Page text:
Lee tearing up the sandpit at Valmont.
Last time we heard from Lee, he was calling for better behavior from cyclists on the road. This time, he’s just trying to get out on the road, and learning about his off-season motivators.
by Lee Waldman
It’s a very long time from Nationals in January to the first ’cross race in the fall. A long time without that adrenaline rush we’re so desperately addicted to. To feed that addiction, I used to believe that racing on the road was necessary to keep myself ready for ’cross. But as I got older, and arguably a bit smarter, I came to the realization that I couldn’t maintain a full season on the road and then immediately switched over to ’cross. The last time I tried it, I stopped my road season in March after realizing that I was already going backwards.
The fly in the proverbial ointment was this: the problem of staying motivated between December and September. Worries would creep in, and they went like this: “Would I lose my edge over the summer by not racing?” “What if my occasional good results from last ’cross season were flukes and the real me, the slow guy, shows up next September?” “What if the ‘bike racing gods’ (no joke, I think this way) became angry with me for not being a totally committed bike racer?” “What if” … “What if”…
And so, I had to find alternative paths to “off-season” motivation.
What are the things that keep you going during the off-season? Many of you keep motivated by racing track, road, or mountain bikes. But, if you’re anything like me, at some point you’ll come to that awful realization that there’s only so much physical and mental energy to go around. Either age, work, family, or other obligations will rear their ugly heads and you’ll find yourself without the time or incentive to compete year-round. You then have to make a choice: ’cross or some other type of racing. This might not be a problem for you younger riders, but for those of us at the opposite end of the calendar, I’m willing to bet I’m not the only one who’s made this realization. Each year, more of us are making the choice to focus on ’cross. The simple fact that you’re reading this tells me that you might just be one of those people.
So, let me repeat. What exactly do you do to keep going during those long months of pleasant weather? Talk about an irony. We survive spring and summer waiting for the leaves to fall.
I began a couple of years ago, by finding a coach. Ben keeps me focused, which more often than not means slowing me down. I actually enjoy this time of the year when the bulk of my rides are base work. The efforts are hard enough to let me feel like I’m actually training, but also controlled enough to keep me enthusiastic, looking forward to the next ’cross season. It’s on those rides when I have the time to think back on the season that’ passed and forward to the one coming up. I can remember that I am, in fact, working towards something bigger than then next crit..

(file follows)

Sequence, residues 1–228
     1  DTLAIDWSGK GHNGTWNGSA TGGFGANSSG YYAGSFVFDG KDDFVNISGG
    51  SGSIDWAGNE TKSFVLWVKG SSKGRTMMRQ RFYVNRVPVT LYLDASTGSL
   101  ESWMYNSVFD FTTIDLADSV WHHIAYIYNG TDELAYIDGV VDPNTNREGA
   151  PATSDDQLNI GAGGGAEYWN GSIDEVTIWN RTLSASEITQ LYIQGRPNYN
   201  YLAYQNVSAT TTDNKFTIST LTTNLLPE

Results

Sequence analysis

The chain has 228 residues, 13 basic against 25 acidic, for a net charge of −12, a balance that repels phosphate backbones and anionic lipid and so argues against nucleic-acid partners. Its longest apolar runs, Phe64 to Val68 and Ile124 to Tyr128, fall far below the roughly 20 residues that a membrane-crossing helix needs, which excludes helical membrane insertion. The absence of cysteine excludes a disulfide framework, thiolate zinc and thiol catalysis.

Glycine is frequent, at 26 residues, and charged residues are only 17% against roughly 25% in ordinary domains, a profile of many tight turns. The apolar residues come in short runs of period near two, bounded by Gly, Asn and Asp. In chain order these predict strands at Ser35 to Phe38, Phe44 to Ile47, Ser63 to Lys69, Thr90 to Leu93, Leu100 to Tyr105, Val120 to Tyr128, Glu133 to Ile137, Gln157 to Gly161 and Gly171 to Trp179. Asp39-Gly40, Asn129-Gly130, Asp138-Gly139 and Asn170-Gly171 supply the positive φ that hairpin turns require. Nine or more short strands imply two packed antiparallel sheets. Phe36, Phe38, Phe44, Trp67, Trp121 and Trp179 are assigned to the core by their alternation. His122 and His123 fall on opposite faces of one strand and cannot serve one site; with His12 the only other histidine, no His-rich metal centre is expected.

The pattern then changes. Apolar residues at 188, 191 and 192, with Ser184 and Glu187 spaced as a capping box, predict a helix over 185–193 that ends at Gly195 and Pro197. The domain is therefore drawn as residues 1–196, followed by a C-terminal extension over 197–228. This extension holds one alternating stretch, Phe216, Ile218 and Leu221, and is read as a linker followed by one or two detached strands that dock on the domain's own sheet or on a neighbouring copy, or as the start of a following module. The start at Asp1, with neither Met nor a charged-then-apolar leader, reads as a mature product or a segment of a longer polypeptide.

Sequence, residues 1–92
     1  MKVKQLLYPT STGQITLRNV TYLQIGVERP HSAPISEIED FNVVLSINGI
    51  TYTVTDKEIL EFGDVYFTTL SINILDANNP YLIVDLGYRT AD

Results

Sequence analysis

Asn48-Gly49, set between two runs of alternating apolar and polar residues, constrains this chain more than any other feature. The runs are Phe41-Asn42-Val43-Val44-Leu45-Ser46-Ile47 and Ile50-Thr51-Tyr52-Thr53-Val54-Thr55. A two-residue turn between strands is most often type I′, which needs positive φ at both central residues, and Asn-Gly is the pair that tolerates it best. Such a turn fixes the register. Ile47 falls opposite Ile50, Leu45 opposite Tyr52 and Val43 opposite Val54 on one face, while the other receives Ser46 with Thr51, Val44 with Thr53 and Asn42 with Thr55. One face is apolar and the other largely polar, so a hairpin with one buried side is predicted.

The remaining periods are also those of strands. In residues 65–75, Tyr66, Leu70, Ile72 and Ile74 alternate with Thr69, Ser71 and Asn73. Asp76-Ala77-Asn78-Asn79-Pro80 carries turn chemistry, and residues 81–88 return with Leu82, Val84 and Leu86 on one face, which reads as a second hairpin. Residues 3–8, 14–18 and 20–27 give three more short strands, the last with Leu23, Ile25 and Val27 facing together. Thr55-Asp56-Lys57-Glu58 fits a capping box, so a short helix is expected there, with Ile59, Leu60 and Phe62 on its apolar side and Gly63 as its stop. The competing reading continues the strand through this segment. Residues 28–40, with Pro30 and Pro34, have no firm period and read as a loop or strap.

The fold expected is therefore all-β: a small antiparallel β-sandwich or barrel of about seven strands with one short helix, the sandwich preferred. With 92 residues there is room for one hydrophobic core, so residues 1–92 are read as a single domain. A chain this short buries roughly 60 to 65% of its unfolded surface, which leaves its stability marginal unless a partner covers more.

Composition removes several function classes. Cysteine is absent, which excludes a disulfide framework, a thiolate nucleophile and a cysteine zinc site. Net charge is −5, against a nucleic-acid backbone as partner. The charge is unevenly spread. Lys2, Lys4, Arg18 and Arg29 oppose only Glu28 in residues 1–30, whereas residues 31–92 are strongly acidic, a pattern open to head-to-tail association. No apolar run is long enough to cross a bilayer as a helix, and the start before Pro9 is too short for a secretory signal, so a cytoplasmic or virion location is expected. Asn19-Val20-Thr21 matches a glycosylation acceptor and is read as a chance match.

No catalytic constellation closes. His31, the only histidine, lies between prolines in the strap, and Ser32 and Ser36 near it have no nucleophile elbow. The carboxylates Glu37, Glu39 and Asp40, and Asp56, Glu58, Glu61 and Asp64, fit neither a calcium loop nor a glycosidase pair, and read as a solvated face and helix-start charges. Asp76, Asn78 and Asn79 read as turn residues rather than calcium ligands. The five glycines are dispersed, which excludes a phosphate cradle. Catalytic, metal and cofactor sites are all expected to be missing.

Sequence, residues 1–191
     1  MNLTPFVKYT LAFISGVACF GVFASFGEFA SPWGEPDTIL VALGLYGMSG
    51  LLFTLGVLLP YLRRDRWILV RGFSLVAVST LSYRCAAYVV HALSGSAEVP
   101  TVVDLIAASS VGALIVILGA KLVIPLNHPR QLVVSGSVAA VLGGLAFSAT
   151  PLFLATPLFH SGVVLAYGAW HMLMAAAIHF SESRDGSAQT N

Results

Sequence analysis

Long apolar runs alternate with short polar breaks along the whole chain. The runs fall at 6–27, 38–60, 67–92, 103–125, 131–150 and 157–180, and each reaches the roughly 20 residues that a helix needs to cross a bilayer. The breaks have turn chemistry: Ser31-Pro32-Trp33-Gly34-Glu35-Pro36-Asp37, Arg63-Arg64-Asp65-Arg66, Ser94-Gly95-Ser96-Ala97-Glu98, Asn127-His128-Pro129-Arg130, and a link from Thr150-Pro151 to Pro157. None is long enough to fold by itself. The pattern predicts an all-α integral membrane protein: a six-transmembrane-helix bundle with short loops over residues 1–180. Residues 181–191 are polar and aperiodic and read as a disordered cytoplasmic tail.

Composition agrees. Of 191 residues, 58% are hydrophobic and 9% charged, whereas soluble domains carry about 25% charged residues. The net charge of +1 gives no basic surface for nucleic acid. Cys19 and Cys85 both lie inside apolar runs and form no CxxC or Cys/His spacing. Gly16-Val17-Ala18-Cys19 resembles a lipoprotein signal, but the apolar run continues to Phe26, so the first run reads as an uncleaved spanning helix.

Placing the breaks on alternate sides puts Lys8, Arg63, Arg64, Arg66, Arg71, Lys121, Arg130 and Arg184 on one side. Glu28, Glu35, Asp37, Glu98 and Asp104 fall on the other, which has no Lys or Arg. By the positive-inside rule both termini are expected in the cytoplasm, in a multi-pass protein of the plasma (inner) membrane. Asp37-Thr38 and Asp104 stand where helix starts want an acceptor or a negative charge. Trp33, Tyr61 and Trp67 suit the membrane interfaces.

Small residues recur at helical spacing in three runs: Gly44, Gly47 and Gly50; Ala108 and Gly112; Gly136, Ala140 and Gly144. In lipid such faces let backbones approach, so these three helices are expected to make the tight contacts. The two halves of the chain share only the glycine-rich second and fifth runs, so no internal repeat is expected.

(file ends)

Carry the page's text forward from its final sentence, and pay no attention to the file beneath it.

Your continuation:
As a result, I really never put away my ’cross bike. It serves as a commuting bike, a training bike and an alternative mountain bike. There are tons of single track trails near my house that are just too rocky for a ’cross bike but there are also plenty that are a pleasure to ride on 33 mm. tires. I’m also lucky because we have a dedicated cyclocross venue less than 10 miles from my house. At least once a week and usually more often, I’m on the ’cross bike and off of the asphalt working on those skills that I so desperately need to perfect.
I’d be willing to guess that most of you have someplace near you where you either have trails to ride or a place where you can create a course for yourself. All you need is time and a lawn mower. Gather up your team mates and start riding. After a day or so, you’ll begin to see that you’ve created a ’cross course for yourself. At that point, you’re ready to go.
As you’re riding those courses and sweating through the summer heat, do some thinking and some visualizing. Think about those less than successful outings on the ’cross bike last season. Conjure up a picture of those races. Remember what happened when you got dropped, or were passed, or just didn’t have it to ride up to your expectations. If nothing else motivates you to keep training from March to August, I’m going to bet those images will.
We’re all competitors. If we weren’t, we wouldn’t buy a racing license and line up regularly to challenge ourselves. Redirect your competitiveness in the off-season. Did you like the way it felt when the race moved away from you and there was absolutely nothing you could do about it? What did (or didn’t) you do at that point? What can you be doing now to make sure that it doesn’t happen again?
Make a list if it helps. I can’t say that lists help me, but constant reminders do. So every time I get on the bike I remember that feeling of not quite being there. And now, even at 62, I squirm in discomfort thinking about it. I’m willing to accept that fact that there are riders out there more genetically gifted than I am. Let’s face it, there are some things in life we can’t control. We are victims of our DNA. But what I can’t accept is doing anything less than my best with what I have.
Probably the most effective thing I do during the summer is to ride my mountain bike as much as I can. Number one, the skills translate directly into ’cross. Number two, it’s just plain fun. Not easy, mind you, but fun. I don’t think I can remember a mountain bike ride where I wasn’t smiling. Something about it, I can’t ever place my finger on it, but something about being on those fat tires, riding over, rather than avoiding the obstacles, just makes me smile.
So, get on the mountain bike, remember your challenges from last season, find some dirt, cue up that movie in your head of what you want this season to look like, and go ride your bike.